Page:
Concerning the COVID-19 pandemic, only a few studies have so far applied a network analytic framework to examine the interdependence between different factors assumedly involved in the psychological responses to the pandemic, and especially regarding the fear of infection or the anxious response to the structural impact of the pandemic (e.g., Jiang et al., 2020; Papini et al., 2020; Taylor et al., 2020). And for the anxiety symptoms reported in the general population during the COVID-19 pandemic, only two studies (i.e., Hoffart et al., 2021; Wang et al., 2020) have, until now, investigated the interrelationships between the distinct hallmark symptoms of GAD as experienced during lockdown through the lens of the network approach. For ease of comparison, both studies (i.e., Hoffart et al., 2021; Wang et al., 2020) relied on the Generalized Anxiety Disorder-7 (GAD-7; Spitzer et al., 2006), one of the most commonly used self-reported screening tools in epidemiological and clinical research for assessing GAD symptoms (e.g., Schalet et al., 2014). In their study, Wang et al. (2020) identified excessive worry, trouble relaxing, and restlessness as the most central nodes in the structure of GAD symptoms among Chinese adults during the early first weeks of the outbreak (i.e., lockdown). Likewise, Hoffart et al. (2021) identified excessive worry, uncontrollability of worry, and trouble relaxing (but not restlessness) as the most central nodes among Norwegian adults during the early weeks of the lockdown.

In this project, we thus seek to map GAD symptoms’ network structure at the early stages of the first weeks of the first Belgian COVID-19 lockdown-phase. To do so, we implemented the network computational tools via a preregistered reanalysis of an existing dataset (i.e., Lits et al., 2020) that includes the assessment of GAD symptoms via the GAD-7—as in Hoffart et al. (2021) Wang et al. (2020)— in a large and representative sample of participants living in the French-speaking part of Belgium who took part to an online survey conducted during the first weeks following the first Belgian lockdown (i.e., late March 2020).

Especially, we had three main goals (see also our formal preregistration; https://osf.io/p3v4e). First, following Hoffart et al. (2021) and Wang et al. (2020), we endeavored to clarify the pairwise connections among the distinct GAD symptoms. To this end, we computed a graphical Gaussian model (GGM) model, an undirected network model wherein the edges represent conditional independent relationships between nodes (Epskamp & Fried, 2018). Relatedly, we also quantified each node’s importance to the resulting network structure via the computation of centrality metrics (Costantini et al., 2015; Opsahl, Agneesens, Skvoretz, 2010). Second, we tested whether the distinct constitutive features/symptoms of GAD emerge as a single network system, or whether they instead organize into distinct subnetworks or communities of nodes (i.e., cluster of symptoms). And, if so, whether certain nodes function as bridges linking these communities (Jones et al., 2019).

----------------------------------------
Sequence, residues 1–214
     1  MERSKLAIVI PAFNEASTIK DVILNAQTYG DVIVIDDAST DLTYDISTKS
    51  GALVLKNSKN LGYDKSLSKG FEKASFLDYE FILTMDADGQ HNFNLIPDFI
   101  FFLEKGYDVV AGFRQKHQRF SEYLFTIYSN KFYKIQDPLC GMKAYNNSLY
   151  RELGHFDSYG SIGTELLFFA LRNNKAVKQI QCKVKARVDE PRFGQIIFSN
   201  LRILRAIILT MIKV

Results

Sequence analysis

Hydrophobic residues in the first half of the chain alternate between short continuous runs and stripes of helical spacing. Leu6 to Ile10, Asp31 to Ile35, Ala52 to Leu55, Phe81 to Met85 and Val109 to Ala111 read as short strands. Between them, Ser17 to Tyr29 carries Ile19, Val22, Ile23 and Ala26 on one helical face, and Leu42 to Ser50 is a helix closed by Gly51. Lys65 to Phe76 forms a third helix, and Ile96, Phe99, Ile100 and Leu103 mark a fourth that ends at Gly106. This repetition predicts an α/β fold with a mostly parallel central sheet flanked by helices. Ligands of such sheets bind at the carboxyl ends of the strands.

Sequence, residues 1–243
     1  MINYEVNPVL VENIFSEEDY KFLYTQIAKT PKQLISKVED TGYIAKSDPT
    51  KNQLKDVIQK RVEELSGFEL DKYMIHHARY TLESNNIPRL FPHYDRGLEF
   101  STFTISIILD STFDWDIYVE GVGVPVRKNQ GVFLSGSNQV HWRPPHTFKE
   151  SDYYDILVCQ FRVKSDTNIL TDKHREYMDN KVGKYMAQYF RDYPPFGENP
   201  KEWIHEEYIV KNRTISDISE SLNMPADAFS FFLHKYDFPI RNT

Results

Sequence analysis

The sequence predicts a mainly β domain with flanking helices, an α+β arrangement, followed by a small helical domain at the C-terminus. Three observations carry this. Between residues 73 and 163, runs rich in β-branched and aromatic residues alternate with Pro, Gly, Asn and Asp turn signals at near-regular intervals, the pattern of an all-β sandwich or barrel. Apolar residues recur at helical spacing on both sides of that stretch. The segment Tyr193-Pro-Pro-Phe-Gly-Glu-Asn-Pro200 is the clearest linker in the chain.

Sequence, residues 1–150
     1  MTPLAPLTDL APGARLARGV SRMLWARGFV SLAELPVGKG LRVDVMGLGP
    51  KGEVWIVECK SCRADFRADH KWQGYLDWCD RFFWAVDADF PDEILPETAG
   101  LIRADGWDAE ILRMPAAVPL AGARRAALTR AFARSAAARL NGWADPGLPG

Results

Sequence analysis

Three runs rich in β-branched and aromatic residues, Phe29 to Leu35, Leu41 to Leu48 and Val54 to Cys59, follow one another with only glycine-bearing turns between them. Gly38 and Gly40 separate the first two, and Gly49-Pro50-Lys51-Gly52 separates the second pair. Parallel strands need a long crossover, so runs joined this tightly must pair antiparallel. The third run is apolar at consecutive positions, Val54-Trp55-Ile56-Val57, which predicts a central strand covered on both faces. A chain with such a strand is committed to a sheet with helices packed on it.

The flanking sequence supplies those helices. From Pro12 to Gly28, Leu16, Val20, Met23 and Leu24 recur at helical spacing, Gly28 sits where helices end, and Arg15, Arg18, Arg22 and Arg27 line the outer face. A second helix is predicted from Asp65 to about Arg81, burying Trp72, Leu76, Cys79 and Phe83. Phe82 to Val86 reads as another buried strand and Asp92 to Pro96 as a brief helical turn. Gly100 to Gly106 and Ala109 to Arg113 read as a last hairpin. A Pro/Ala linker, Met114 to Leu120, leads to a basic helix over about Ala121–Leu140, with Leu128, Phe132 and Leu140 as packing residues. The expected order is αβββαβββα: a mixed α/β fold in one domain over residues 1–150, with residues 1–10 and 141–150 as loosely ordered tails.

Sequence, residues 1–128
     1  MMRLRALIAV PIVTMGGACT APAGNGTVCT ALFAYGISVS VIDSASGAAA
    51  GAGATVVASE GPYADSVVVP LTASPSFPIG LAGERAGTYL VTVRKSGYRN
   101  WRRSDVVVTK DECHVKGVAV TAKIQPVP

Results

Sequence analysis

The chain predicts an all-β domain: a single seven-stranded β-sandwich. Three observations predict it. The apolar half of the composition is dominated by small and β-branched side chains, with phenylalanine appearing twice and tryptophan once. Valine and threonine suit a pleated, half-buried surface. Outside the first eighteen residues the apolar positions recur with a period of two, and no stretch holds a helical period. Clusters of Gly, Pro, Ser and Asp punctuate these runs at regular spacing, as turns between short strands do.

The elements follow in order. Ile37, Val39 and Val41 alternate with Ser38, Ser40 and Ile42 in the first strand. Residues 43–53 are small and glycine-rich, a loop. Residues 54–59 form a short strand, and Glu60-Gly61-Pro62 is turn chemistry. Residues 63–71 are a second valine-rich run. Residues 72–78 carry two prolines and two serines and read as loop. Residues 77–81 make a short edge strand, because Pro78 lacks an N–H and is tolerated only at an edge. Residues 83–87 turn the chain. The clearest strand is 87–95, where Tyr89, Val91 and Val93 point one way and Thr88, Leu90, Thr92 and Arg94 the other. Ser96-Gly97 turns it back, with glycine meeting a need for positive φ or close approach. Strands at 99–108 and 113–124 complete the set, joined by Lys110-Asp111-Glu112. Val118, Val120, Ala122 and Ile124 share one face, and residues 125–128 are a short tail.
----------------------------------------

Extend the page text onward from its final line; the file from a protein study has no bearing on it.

Finally, we followed recent publications (e.g., Bernstein et al., 2017; Blanchard et al., 2021a; Heeren et al., 2020; Kalkan et al., 2021; McNally et al., 2017) and relied on Bayesian network methods to estimate a directed acyclic graph (DAG), which encodes the conditional independence relationships between the variables of interest and characterizes their joint probability distribution (McNally, 2016; Pearl et al., 2016; Scutari, 2010). Hence, the resulting network is directed and possesses arrows reflecting the predicted direction of the probabilistic dependence between nodes (McNally, 2016; Moffa et al., 2017). Although DAGs were not estimated in previous research on the impact of COVID-19 lockdown on anxiety, we decided to rely on DAGs to further examine the probabilistic dependencies between the distinct symptoms and generate a data-driven probabilistic computational model of the organization of the GAD symptoms during the COVID-19 lockdown.

Method

Preregistration and Open Science Practices

As this is an exploratory study using secondary data, we followed the recent guidelines for increasing the transparency of analysis of preexisting data set (Weston et al., 2019) and preregistered the analysis plan1 and prior knowledge regarding the dataset at https://osf.io/p3v4e. Our R code and de-identified data are available at https://osf.io/9ehja/.

Participants

We reanalyzed data from a previous study (i.e., Lits et al., 2020). Participants were recruited from the general community via online social media as well as online, radiophonic, and paper news coverage. The sample depicted in the initial study was built upon a quota sampling method to align with the characteristics (i.e., age, education level, and gender) of the population living in the French-speaking part of Belgium over the age of 16 (following the results of the STATBEL 2019 governmental survey on Belgian workforce). Further details about the data collection can be found in the initial study (i.e., Lits et al., 2020). This recruitment procedure resulted in a sample of 2,829 Belgian French-speaking participants (69% women, 30,4% men, 0.2% others; and .4 preferring not disclosing their gender) between 16 and 91 years old (Median = 42; M = 44.50, SD = 17.19). The initial study was approved by the Ethical Committee of the Louvain School of Political and Social Sciences (UCLouvain, Belgium) and conducted according to the Declaration of Helsinki. Each participant provided informed consent before completing the survey.